Many consider MEMS to be the gold standard for adherence as it records the date and time of all vial openings.9 However, it is a costly method typically used only in a research setting, and it cannot detect whether one or more doses are removed from the vial or if a dose is actually ingested. Most studies have analyzed MEMS for one medication only, whereas most cancer patients receive multiple medications. Self-report methods have the advantage of being low cost, fast, and usually simple to complete. They can also be used for multiple concurrent medications. Oral interviews are reliant upon the availability of adequate time in the clinical setting and upon satisfactory communication between patient and clinician. Written instruments are limited by patient motivation and memory; in many cases, they are completed retrospectively, and studies have found that 30% of diary entries do not coincide with MEMS data. Clinical responses can be influenced by disease refractoriness as well as by medication adherence. Pill counts can be manipulated by the patient and do not reveal details of medication-taking behavior over time. Automated pharmacy claims databases can be used to identify medication use patterns, including persistence, switching, and discontinuation, in a large population of users in a timely manner.10 They are more likely than clinical trials to reflect real-world use patterns. Commonly used outputs from claims database analysis include the medication possession ratio (MPR), which compares the number of days medication was dispensed with the actual elapsed time, discontinuation/continuation, switching, medication gaps, and refill compliance or failure. Only direct pharmacokinetic and pharmacodynamic metrics can confirm ingestion of medication, but even these research methods are imprecise. In oncology trials, metabolite levels of mercaptopurine and corticosteroids have been assessed, as well as pharmacodynamics response using dehydroepiandrosterone (DHEA) sulfate suppression for prednisone adherence.7,9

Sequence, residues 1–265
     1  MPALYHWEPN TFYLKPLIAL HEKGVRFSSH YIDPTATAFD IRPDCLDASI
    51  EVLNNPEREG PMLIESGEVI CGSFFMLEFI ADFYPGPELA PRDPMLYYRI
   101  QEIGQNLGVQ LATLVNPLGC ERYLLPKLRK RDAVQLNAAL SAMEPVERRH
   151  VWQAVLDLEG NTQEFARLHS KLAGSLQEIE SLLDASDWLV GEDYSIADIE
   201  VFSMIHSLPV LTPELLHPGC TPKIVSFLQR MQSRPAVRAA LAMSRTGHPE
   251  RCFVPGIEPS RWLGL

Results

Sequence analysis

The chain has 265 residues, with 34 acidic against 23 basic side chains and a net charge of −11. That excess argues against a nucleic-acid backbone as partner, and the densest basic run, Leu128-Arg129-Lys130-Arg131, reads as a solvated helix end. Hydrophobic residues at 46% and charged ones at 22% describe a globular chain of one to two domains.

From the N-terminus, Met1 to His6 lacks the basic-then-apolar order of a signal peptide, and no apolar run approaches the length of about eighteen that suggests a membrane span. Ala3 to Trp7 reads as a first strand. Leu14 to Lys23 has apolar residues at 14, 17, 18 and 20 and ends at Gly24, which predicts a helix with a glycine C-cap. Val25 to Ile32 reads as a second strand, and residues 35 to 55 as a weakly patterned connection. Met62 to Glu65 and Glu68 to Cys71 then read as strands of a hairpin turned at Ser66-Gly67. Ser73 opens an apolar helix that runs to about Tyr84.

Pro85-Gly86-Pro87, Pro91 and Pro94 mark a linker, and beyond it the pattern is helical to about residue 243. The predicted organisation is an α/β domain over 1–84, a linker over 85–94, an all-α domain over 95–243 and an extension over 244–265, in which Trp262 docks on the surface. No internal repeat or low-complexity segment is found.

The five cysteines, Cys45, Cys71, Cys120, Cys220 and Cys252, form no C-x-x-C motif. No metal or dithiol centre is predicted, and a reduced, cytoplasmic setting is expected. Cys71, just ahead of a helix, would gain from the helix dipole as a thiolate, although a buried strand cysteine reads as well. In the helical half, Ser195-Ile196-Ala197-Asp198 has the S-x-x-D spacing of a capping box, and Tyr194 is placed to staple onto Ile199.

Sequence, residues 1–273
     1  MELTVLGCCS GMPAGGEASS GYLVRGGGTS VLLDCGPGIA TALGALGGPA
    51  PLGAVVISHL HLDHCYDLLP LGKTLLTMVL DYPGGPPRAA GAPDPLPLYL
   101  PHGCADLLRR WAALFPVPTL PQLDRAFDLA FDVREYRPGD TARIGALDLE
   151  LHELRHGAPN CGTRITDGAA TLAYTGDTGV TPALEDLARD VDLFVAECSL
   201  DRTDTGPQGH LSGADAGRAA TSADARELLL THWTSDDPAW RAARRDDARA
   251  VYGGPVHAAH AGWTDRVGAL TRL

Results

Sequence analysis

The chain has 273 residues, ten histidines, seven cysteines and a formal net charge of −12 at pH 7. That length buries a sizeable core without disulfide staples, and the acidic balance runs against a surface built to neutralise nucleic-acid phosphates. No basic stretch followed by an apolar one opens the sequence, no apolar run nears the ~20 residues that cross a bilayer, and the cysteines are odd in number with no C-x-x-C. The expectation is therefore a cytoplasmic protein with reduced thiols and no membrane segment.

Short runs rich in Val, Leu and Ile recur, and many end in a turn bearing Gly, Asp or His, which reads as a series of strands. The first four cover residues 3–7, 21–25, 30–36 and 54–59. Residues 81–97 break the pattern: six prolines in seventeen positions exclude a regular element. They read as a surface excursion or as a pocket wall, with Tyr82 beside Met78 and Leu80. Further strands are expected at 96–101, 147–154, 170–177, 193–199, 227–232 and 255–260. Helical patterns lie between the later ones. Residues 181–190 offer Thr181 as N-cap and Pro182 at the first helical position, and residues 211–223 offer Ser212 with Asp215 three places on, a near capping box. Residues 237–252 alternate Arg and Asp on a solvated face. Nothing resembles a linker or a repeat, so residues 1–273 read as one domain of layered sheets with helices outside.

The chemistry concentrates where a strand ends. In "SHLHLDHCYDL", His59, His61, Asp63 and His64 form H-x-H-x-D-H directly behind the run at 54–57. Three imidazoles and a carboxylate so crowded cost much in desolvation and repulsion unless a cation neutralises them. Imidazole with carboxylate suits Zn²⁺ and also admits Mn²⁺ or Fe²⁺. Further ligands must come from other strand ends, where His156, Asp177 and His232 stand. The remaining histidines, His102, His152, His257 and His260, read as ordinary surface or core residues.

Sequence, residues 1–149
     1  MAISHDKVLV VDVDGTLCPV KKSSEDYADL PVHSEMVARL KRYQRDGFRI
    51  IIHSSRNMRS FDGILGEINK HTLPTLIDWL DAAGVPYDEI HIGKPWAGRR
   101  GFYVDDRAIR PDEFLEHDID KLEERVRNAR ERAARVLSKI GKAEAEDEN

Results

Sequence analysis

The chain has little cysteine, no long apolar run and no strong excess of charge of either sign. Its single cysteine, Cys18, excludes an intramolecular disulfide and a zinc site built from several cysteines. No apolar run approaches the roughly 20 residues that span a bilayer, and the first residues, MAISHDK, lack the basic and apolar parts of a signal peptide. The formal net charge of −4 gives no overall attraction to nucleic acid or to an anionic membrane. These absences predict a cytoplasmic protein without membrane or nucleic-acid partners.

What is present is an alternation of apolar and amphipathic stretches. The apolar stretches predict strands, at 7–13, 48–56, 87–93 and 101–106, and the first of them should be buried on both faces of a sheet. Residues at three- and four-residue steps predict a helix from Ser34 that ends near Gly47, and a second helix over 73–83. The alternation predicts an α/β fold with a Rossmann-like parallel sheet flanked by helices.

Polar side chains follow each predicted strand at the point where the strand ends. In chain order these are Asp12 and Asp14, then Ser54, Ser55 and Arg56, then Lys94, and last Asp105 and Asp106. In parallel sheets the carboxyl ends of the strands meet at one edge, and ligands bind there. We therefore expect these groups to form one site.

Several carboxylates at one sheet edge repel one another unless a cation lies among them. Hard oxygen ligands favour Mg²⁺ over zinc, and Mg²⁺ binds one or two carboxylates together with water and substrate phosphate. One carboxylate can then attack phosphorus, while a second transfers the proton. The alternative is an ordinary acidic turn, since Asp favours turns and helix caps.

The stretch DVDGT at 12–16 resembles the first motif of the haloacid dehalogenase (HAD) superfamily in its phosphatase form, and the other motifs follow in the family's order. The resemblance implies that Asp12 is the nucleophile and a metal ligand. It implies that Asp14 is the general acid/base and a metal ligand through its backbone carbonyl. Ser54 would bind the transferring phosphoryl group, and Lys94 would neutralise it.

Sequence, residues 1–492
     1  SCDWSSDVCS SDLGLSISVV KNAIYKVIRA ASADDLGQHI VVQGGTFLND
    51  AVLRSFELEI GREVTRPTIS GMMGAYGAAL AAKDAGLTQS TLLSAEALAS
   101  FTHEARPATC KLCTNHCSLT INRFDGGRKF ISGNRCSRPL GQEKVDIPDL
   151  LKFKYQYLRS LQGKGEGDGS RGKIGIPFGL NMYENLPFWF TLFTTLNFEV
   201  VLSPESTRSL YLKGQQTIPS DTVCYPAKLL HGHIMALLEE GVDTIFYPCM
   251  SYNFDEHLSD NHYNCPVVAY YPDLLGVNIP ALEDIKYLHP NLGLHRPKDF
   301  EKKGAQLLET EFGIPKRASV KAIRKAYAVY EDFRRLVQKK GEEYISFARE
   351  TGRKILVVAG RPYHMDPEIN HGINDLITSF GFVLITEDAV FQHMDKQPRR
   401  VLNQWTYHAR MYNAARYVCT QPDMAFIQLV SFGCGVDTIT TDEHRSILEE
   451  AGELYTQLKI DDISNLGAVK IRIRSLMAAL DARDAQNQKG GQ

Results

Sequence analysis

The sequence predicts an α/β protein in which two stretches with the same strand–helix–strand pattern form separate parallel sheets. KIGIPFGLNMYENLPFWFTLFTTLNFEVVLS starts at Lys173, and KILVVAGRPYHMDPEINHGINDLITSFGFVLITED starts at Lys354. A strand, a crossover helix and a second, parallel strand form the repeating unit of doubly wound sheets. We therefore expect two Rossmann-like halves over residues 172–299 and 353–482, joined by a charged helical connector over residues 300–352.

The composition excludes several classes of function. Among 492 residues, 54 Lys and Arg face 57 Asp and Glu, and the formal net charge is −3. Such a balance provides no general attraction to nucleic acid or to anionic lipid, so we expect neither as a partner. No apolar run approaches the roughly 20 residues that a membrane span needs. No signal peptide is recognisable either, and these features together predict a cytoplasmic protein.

Although there are many methods for estimating adherence, in both the clinical setting and for research, there is no consensus on a threshold level that is predictive of poorer outcomes. If therapeutic clinical trials do not assess adherence, it is difficult to predict whether nonadherence in the “real world” will result in a different outcome. Osterberg and colleagues have described the property of pharmacologic “forgiveness,” in which, based on interplay of pharmacokinetics and disease biology, certain deficits in adherence may or may not be clinically relevant.11 Many studies have arbitrarily set a utilization or MPR of 80% or higher as defining adherence. This provides a degree of consistency for evaluating the magnitude and frequency of the adherence problem but may not be appropriate for all diseases or all drug classes.

Table 2
  Published Studies of Oral Therapies in Postmenopausal Women With Early-Stage Breast Cancer
View larger version

Adherence in Breast Cancer
The most robust body of literature on adherence to cancer treatment involves adjuvant hormonal treatment (AHT) of early-stage, estrogen receptor–positive breast cancer. After surgical resection, with or without adjuvant chemotherapy, hormonally targeted therapy for 5 years decreases the risk of death by about 30%.12 The antiestrogen tamoxifen was the first agent used for this purpose, and the aromatase inhibitors anastrozole, letrozole, and exemestane are more recent options that are slightly more effective in postmenopausal women. Table 2 summarizes the largest evaluations of adherence to therapy for early-stage breast cancer through 2011. Adherence rates are alarmingly low, ranging from 15% to 73%, depending upon the class of drug and time point evaluated. A number of these studies based on self- report may even overestimate adherence based on a prospective comparison, which found self-report and pill counts statistically significantly overestimate the degree to which patients adhered to their tamoxifen regimen, compared with data recorded by a MEMS vial.13